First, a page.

Additional treatment for Melanoma
In addition to surgery, there are four other types of therapies used to treat melanoma. Here is a little more information on these approaches.
Chemotherapy is the term used to describe the use of chemicals, or ‘chemotherapeutic agents’, to kill cancerous cells in the body. Chemotherapy drugs target living cells in the body that are dividing rapidly, which is what cancer cells do, and so this is why other cells in the body that reproduce rapidly normally are also affected, leading to hair loss, decreased production of blood cells and inflammation of the cells lining the digestive tract. A course of chemotherapy will typically include one or more drug types, which can be delivered orally or directly into the bloodstream, and on occasion directly to the organ or tissue affected. Unfortunately chemotherapy is not very effective in treating melanoma.
Immunotherapy (or ‘Biological Therapy’)
Immunotherapy is a relatively new approach to treating all cancers, including melanoma. Its main advantages over other treatments is that side effects are minimal and the positive benefits of the immunotherapy last a lot longer than other therapies.
Drugs used in immunotherapy contain antibodies (called Biological Response Modifiers, or ‘BRMs’) that in effect assist the body’s own immune system to fight cancer cells. The immune system reacts when it detects cancer cells, but is often overwhelmed by the cancer and immunotherapy almost ‘trains’ the immune system to continue to attack the cancer cells itself. At the moment immunotherapy is only used in advanced cases of melanoma in Australia that have not responded to other types of treatment, or as part of clinical trials.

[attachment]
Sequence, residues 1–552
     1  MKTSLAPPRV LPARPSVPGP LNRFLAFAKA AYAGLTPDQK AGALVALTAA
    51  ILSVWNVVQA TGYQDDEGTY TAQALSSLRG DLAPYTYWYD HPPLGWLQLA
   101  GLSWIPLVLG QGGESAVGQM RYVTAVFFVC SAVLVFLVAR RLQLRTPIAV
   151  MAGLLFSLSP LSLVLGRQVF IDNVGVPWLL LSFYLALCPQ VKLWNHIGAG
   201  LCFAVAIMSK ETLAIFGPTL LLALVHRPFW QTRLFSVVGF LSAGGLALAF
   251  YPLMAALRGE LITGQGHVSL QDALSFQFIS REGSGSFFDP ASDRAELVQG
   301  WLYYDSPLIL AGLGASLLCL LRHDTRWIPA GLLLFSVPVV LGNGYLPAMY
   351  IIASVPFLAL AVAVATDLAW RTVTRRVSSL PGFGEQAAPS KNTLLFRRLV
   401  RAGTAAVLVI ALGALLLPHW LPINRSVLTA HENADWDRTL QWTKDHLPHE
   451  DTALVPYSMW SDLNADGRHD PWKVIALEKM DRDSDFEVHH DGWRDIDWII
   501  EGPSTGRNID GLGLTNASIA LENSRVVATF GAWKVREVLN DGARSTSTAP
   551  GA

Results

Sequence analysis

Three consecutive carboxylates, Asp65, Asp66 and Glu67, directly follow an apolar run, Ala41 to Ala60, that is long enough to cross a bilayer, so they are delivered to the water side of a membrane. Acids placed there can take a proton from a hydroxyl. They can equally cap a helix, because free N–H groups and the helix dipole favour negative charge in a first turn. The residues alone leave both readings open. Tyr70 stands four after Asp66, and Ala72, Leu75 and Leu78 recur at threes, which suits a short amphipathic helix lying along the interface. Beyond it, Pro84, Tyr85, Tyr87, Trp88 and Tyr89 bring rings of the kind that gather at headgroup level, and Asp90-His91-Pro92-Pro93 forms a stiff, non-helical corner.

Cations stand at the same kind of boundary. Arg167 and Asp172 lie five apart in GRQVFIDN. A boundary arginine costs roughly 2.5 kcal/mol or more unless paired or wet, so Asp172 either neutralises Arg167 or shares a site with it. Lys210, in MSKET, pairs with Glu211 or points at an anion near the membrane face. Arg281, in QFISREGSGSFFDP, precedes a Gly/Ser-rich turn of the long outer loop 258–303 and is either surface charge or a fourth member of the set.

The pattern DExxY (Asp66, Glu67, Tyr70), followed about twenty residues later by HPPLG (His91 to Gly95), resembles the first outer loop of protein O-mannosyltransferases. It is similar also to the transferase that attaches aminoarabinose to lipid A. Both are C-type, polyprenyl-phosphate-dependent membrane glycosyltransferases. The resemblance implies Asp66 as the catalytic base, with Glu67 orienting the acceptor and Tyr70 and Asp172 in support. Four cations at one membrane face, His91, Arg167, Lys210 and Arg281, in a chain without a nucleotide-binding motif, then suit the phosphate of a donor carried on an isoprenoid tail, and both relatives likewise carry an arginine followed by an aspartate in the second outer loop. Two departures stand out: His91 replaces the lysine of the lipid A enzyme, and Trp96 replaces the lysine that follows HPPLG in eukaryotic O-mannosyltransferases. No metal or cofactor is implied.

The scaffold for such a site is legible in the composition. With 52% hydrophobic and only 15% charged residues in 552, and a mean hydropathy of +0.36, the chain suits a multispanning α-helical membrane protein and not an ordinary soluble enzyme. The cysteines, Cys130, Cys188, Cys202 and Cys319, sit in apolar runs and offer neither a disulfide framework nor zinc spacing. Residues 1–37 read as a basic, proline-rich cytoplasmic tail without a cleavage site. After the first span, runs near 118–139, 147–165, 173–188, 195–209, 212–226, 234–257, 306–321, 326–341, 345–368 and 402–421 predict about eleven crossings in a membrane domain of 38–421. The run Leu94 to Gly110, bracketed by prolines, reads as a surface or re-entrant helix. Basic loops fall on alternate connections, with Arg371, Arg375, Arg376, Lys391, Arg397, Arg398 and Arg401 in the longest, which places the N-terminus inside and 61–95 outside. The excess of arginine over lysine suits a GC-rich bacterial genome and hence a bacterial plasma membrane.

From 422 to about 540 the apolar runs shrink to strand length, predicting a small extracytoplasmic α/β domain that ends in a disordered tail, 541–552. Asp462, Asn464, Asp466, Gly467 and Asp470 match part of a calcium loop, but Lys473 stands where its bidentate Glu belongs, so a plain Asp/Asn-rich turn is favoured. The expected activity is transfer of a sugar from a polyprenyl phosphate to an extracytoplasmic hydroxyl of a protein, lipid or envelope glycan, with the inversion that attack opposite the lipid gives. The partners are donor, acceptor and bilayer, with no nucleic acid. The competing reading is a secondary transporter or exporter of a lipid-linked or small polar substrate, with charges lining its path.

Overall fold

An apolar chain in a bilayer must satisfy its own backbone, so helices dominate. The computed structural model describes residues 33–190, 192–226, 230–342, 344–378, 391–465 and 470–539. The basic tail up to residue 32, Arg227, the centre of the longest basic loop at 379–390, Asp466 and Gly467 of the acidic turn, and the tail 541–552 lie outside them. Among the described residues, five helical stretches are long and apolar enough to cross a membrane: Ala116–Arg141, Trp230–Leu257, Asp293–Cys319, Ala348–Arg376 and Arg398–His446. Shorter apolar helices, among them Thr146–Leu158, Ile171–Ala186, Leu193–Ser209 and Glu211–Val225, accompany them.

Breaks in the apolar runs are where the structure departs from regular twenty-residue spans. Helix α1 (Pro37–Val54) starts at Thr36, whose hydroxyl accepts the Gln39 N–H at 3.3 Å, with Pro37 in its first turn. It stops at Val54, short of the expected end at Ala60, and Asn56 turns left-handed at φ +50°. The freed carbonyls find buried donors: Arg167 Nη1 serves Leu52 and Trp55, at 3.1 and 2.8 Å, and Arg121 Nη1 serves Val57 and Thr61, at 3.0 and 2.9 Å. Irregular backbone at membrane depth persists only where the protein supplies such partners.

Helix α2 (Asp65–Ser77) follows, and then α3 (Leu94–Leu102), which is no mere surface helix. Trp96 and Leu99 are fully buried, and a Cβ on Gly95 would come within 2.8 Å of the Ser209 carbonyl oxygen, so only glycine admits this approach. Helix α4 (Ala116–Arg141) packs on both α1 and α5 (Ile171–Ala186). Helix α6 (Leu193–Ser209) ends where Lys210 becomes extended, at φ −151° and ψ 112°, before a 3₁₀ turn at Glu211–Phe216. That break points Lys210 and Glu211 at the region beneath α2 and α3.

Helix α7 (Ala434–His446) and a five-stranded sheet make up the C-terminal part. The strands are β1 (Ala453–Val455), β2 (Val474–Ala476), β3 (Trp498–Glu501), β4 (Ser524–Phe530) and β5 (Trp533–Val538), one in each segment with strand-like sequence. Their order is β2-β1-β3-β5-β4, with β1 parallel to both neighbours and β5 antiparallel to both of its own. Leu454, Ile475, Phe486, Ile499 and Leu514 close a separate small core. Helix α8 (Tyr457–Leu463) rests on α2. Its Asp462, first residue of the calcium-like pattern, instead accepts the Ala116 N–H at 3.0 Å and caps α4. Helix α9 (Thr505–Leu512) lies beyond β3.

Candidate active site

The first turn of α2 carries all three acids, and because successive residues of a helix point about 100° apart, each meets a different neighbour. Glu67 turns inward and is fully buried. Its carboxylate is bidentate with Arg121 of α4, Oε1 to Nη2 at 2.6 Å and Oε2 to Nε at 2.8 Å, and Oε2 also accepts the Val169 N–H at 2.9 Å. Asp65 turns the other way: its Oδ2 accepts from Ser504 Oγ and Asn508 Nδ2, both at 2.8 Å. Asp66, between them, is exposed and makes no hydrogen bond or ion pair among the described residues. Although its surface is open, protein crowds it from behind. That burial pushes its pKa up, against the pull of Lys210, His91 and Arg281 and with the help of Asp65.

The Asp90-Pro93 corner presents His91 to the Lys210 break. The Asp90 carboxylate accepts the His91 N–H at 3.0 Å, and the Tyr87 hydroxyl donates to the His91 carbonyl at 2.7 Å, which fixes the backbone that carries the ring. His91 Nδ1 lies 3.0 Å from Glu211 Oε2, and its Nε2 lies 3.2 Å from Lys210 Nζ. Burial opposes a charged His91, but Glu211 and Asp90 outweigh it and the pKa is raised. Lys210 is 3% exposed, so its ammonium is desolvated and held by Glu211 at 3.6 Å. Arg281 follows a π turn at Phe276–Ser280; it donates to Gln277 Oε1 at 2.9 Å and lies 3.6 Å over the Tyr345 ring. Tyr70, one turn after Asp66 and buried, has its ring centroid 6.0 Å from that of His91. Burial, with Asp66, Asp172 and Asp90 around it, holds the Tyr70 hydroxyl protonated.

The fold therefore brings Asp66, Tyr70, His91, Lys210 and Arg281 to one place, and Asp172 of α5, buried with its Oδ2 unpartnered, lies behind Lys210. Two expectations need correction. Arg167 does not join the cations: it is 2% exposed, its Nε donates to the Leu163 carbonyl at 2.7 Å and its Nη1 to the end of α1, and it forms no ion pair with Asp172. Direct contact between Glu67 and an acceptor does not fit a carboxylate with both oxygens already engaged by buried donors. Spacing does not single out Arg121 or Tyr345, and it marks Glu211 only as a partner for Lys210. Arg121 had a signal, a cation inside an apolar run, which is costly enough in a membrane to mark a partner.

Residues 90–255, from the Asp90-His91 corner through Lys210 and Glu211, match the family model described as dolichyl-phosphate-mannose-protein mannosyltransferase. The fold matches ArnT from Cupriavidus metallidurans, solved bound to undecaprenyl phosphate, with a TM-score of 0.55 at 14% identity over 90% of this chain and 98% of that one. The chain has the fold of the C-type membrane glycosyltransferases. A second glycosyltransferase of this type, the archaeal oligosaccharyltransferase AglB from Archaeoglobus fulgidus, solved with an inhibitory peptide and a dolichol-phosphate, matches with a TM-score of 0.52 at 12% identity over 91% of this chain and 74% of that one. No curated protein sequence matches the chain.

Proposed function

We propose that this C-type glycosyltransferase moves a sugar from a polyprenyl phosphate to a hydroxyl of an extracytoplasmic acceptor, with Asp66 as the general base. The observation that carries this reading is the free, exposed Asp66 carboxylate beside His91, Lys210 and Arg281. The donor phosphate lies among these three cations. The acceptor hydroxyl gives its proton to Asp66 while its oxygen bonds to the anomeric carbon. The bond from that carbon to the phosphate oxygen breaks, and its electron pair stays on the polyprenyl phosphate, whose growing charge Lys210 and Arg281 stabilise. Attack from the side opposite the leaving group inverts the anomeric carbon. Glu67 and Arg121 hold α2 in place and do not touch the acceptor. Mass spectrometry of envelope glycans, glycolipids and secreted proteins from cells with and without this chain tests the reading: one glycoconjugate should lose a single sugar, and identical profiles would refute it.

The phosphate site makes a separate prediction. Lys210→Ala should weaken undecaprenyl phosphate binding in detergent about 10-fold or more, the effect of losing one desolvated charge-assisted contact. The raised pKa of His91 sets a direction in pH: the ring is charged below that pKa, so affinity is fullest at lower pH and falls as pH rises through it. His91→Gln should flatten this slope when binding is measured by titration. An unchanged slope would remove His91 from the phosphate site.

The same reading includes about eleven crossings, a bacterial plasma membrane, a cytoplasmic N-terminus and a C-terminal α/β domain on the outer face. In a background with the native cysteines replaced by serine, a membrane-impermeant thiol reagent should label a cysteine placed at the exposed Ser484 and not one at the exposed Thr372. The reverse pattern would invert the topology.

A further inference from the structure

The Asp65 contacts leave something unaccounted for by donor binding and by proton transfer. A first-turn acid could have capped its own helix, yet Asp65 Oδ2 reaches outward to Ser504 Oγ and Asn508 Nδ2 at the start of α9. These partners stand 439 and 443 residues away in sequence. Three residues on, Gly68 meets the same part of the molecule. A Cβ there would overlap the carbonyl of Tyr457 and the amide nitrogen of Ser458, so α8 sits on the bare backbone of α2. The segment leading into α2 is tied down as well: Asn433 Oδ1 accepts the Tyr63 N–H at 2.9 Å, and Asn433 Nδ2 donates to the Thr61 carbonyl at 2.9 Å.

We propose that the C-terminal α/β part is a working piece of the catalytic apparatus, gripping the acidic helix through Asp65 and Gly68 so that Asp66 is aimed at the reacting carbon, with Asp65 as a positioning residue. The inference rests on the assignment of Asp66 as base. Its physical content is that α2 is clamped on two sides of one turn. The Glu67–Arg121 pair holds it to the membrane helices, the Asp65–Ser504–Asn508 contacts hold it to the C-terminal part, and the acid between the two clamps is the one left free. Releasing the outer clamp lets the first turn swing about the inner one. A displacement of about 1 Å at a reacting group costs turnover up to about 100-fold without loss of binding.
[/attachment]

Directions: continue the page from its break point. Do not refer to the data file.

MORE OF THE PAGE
As immunotherapy is so new, only one drug is available on the PBS – Yervoy (Ipillimumab), although another – Keytruda (Pembrolizumab) – is due to be added soon.
Radiation Therapy (or ‘Radiotherapy’)
Some types of cancer cell are very rapidly killed by small amounts of radiation. Radiotherapy is used to treat primarily advanced melanoma to help reduce the size of the tumour and to control symptoms. It is also occasionally used to reduce the risk of the melanoma returning after surgery. It is also used to control melanoma that has spread elsewhere in the body, often to the brain and to bones, and to control symptoms and pain.
As the name implies, a ‘targeted therapy’ is one where the specific genetic mutations responsible for the growth of particular types of cancer are targeted directly. Melanoma is one of the cancer types where targeted therapies are available, but they are only effective for some genetic mutations. The three genetic mutations discovered so far where targeted therapies can block their ability to create cancer cells are called BRAF, NRAS and C-KIT.
Scientists are continuing to discover more mutations, and, as targeted therapies are such a new type of treatment, some treatments can only be accessed via clinical trials.
Medical teams often combine two or more of these different types of treatment to maximise the effectiveness of the course of treatment for melanoma.